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Ionic or covalent in tetrahydroxoaluminate ion?

by Bipolarity
Tags: covalent, ionic
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Bipolarity
#1
Feb19-12, 10:04 AM
P: 783
Consider the metal-ligand complex of the tetrahydroxoaluminate ion. [tex][Al(OH)_{4}]^-[/tex]

In this ion, the aluminium is bonded with four hydroxides where each hydroxide is a ligand.

My question:
Is the aluminium-hydroxide bond ionic or covalent?

I can think of the ionic one working in someway like this:

[tex]Al^{+3} + 4(OH)^- \rightarrow [Al(OH)_{4}]^- [/tex]


I can also think of it as being covalent:

[tex]Al + 3(OH) + (OH)^- \rightarrow [Al(OH)_{4}]^- [/tex]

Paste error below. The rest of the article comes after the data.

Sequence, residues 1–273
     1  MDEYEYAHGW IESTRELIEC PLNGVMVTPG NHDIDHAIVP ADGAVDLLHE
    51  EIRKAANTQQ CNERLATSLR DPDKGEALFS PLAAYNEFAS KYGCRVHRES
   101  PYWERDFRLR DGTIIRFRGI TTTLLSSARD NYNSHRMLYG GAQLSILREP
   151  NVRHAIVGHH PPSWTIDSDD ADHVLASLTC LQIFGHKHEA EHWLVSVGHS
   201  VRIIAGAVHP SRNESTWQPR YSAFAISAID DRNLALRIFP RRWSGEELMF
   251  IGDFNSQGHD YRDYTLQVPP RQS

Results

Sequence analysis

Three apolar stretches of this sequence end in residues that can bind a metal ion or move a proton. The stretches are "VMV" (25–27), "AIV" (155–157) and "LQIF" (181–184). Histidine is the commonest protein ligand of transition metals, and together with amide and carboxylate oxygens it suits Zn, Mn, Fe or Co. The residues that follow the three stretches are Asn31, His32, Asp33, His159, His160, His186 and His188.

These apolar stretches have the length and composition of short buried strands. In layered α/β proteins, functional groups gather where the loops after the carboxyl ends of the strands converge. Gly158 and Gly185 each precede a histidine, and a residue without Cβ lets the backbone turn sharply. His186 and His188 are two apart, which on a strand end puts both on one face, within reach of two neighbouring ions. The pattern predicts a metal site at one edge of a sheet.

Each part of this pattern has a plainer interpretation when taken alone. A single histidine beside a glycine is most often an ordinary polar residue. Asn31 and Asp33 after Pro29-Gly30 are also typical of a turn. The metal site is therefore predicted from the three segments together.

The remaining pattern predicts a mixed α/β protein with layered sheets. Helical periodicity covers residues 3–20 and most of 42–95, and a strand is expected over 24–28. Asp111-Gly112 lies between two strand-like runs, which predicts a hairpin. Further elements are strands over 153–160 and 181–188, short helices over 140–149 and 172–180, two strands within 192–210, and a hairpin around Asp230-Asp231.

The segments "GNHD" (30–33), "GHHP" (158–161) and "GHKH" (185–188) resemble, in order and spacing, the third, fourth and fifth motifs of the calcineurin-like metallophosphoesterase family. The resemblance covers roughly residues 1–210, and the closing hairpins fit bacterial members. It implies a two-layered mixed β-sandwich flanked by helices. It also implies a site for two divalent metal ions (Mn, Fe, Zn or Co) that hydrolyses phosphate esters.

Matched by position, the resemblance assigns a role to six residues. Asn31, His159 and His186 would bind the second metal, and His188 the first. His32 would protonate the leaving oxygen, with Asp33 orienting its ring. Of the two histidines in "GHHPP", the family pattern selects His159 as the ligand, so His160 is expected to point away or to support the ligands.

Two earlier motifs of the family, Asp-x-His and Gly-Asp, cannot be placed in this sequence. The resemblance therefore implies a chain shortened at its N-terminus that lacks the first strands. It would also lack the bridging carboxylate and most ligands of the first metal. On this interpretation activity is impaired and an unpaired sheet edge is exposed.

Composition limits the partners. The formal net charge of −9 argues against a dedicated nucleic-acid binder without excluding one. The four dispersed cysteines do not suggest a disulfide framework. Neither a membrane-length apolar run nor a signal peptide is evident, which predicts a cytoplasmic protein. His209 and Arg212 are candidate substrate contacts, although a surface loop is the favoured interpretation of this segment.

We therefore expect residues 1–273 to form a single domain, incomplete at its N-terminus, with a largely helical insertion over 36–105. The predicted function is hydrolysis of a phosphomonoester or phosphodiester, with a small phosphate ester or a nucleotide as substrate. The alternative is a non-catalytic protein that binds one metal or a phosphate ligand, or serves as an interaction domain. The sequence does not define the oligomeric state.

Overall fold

Which would be more "correct"?
Aluminium is a metal, so you would expect it to form ionic bonds right? But I heard of instances where metals form covalent bonds, especially in metal complexes. So I hope I can clear this confusion in my head somehow. Also, will a complete octet be formed in both cases?

Thanks!

BiP
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xplosiv3s
#2
Feb19-12, 12:42 PM
P: 15
I would go for covalent bonding it seems more appropriate, Hydroxide ions do posses a lone pair of electrons. Hence they can provide both the electrons to form a dative covalent bond.

Metal complexes do commonly form covalent bonds, especially transition metals. the metal complex will form a tetrahedral structure in this case hydroxide ions act as ligands...

http://www.see.murdoch.edu.au/info/s...equations.html

click on the link and look for equations 27-29


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